What Does It Mean: The Adventure Zone
Exploring nuanced phrases that keep me up at night.
“I’ve got an exercise for you. Let’s pretend we’re two strangers waxing poetic about life. Without going into details about your personal experience, what would you consider to be the four main priorities one should have in life?”
“Ok…ok. I think family. And friends. Friends and family in the same category. Then…health. Not just physical but, like, mentally? Like, mental wellbeing. Then…creativity. Being able to create something; whatever you want, but more like having something to do? I guess? Does that make sense?”
“Great. And the last thing?”
“Love. But not romantic. What I mean is love for everyone, platonic, familial, etc. The ability — no, not ability, but just being able to love and be loved.”
“So, in short: a capacity for love.”
“Yeah… Oh, wow. That reminds me. Remember that D&D podcast I was telling you about?”
And that was the first time I cried in therapy as I quoted The Adventure Zone.
*INCREDIBLE SPOILER ALERT*
“Our capacity for love increases with each person we cross paths with throughout our lives, and with each moment we spend with those people. But too often we neglect that part of ourselves in favor of others. And by the time we realize just how important it is, we find ourselves with fewer folks around to practice with.”
For those of us who’ve listened to The Adventure Zone: Balance in its entirety, we know what this moment means. To the tune of “Salut d‘Amour,” we know that NPCs Lup and Barry Bluejeans will perform a duet that channels fifty years of romance into a single piece of music.
Up until this point in the story we’ve seen heroes Magnus, Taako, and Merle struggle, laugh, sometimes maim, and overcome several obstacles for the good of their world only to be crushed by the revelation that: They already knew each other. They were explorers from a different world, and the calamity they’re trying to avoid was brought on in part thanks to them. Whatever follows Lup and Barry’s duet is tragically inevitable.
Yet while both tender and bittersweet, I keep going over this moment in my head, particularly the first part of Griffin McElroy’s, your dungeon master and best friend, narration: “Our capacity for love increases with each person we cross paths with throughout our lives.”
And I believe what hit me the moment I broke down in my therapist’s office while reciting — and simultaneously translating into Spanish — this phrase was that Griffin never goes into specifics about which kinds of people are the ones that make our love grow.
He doesn’t say “each person that loves us back,” or “each person who shows us kindness.” By deliberately stating that it is with every single person we’ve ever met and will meet throughout our lives, Griffin makes a broad statement about the role we play in the world through the simple act of love.
I was overwhelmed by the idea that our capacity for love can still grow from the people who abused that love and hurt us, because it’s not about loving them despite what they did and thus blindly forgiving them (Merle gives John a second chance, that doesn’t change the fact he told him to fuck off once before,) but rather it’s about us. Me. You. Individually.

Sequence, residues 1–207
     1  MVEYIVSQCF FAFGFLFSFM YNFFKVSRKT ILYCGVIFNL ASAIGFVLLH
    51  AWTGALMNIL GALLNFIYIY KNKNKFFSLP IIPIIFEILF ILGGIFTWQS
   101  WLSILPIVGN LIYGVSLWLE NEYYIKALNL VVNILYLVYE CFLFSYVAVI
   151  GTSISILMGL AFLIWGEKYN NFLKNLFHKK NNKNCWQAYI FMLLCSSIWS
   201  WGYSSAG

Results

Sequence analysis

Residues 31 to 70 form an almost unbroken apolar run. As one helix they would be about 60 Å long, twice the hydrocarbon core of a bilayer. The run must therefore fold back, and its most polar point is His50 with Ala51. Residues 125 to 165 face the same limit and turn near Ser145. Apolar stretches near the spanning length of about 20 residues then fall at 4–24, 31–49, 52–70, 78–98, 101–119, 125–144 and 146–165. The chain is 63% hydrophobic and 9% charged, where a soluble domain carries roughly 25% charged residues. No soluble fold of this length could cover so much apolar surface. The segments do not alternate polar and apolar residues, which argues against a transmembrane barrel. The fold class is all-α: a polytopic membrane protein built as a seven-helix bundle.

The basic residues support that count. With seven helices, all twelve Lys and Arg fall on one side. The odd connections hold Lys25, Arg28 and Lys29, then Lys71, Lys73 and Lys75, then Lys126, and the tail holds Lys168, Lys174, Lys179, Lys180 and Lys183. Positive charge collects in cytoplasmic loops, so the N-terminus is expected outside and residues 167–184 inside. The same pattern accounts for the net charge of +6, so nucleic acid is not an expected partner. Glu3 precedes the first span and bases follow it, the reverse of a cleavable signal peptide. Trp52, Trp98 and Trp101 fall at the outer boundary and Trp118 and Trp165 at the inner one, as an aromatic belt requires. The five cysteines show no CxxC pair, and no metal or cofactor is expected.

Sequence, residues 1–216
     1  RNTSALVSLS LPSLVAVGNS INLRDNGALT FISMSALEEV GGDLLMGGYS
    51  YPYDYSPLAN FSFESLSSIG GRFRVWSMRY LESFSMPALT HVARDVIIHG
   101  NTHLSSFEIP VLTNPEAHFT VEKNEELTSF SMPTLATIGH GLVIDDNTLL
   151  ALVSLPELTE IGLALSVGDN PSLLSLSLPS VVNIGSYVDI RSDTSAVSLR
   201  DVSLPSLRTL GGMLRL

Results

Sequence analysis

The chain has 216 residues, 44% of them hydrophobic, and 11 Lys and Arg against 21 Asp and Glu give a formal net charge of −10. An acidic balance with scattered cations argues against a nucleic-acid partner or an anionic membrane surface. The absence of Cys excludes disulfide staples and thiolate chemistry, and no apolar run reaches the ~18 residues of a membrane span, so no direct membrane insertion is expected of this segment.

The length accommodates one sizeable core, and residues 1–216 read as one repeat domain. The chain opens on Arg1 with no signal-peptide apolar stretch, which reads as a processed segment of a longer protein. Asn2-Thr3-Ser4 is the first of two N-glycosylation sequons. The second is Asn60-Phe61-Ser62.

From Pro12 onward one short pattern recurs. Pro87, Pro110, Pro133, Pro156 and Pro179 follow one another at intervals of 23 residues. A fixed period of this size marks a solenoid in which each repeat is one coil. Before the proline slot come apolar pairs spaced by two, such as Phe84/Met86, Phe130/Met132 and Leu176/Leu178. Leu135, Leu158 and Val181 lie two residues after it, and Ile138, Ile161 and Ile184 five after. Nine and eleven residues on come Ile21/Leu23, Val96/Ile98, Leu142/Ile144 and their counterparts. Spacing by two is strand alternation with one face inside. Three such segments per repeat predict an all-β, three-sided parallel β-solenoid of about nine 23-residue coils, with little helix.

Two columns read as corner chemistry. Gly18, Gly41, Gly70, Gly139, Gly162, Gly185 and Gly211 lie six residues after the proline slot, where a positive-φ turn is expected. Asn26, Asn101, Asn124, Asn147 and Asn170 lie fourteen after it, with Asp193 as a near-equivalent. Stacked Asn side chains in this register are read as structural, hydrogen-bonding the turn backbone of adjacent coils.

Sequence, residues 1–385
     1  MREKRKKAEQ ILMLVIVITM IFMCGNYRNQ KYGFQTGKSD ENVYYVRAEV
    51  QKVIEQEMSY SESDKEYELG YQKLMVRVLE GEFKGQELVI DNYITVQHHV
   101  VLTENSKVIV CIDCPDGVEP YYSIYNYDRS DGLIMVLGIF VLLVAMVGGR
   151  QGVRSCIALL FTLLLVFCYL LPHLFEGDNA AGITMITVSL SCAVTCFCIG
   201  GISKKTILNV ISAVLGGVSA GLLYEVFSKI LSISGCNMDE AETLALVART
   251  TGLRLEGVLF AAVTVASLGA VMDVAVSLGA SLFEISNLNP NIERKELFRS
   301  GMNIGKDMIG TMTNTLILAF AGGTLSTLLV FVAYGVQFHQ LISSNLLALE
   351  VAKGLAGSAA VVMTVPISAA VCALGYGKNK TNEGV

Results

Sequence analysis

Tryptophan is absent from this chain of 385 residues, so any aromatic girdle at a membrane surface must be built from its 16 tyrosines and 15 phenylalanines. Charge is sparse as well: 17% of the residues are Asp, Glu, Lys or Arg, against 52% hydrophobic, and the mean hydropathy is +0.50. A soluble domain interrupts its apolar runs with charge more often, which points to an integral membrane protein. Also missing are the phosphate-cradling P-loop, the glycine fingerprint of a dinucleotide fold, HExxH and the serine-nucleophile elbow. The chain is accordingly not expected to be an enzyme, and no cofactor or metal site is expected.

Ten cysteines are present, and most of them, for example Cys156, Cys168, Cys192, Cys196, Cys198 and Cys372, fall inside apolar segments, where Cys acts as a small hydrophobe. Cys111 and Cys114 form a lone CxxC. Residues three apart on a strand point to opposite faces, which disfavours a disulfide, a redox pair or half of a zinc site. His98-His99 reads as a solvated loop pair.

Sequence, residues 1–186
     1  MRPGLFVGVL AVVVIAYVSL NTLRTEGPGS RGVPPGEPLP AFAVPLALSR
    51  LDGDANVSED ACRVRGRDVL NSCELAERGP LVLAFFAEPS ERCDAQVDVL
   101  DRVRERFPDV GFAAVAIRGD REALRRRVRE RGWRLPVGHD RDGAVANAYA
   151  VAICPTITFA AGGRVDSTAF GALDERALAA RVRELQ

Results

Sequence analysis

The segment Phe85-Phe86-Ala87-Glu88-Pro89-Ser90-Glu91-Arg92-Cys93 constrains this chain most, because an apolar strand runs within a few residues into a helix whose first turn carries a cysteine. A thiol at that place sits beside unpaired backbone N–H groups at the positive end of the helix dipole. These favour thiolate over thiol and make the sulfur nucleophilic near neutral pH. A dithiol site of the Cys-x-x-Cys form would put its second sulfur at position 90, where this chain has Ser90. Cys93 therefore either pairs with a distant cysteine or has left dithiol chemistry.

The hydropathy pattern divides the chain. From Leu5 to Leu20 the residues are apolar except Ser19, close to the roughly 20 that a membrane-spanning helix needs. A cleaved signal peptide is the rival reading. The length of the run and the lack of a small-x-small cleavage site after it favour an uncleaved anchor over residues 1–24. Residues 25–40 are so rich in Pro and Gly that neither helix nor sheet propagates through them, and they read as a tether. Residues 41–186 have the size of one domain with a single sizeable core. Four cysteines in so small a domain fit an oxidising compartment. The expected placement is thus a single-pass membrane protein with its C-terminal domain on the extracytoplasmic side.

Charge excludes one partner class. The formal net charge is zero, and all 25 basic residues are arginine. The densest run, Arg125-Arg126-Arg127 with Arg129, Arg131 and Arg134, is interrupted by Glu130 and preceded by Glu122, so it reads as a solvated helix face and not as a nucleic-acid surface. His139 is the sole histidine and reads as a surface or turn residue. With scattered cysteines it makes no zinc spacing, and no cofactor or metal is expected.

It’s nice to be liked and loved, but to love and be in love? To experience such strong feelings for someone, whether they appreciate it or not? Whether they know it or not? It’s a beautiful thing to possess, a pure feeling of joy for another person; loving doesn’t rely on reciprocity to be felt, rather it’s yours to do with as you please.
By this point in the story, the seven members of the I.P.R.E. have suffered so much loss, undergone so much devastation, what with the literal embodiment of existential despair chasing after them, consuming all and becoming a collective entity that shares nothing, loves nothing.
Dissatisfaction is selfish. Love saves these characters: it’s love that pushes Magnus to rush in and makes him tough against the big hits. It’s love that makes Taako suddenly shoot out of his body, into the ethereal plane and almost certain death for the sake of his friend. It’s love that helps Merle find joy in a simple game of chess against John, a tiny bit of happiness that turns the tides against the Hunger.
None of these acts of love are rewarded — the Tres Horny Boys never feel the need to collect a debt or demand compensation. Instead, these moments are performed for the sole satisfaction of the person carrying them out. It’s familial love that informs Lucretia’s actions and helps her remain firm in her decision at the cost of unbearable loneliness.
Even instances of romantic love belong to them: the people in love. Without drawing attention to themselves, every character in love performs this act silently, to themselves to feel themselves in love, to happily care for another without prying eyes or outside interference. It’s love that keeps Barry sane for over a decade, a love that went missing and seemingly forgotten but never lost.
It’s a powerful thing to realize: that my love has remained untouched by those who’ve hurt me. My bullies, my abusers, toxic friendships that slowly chip away at your self-esteem, almost inhumanly cruel people who punch down and steal what remaining faith in humanity you might have, none of them have managed to stifle the nearly unbearable joy contained in my heart, from my love of life, and love of my friends and family to the love of a D&D podcast I listened to so hard I cried.
Mika is a Mexican writer and translator, pretender, pet-lover, and a mess at 1 in the morning. Follow her on Twitter @frequencymika.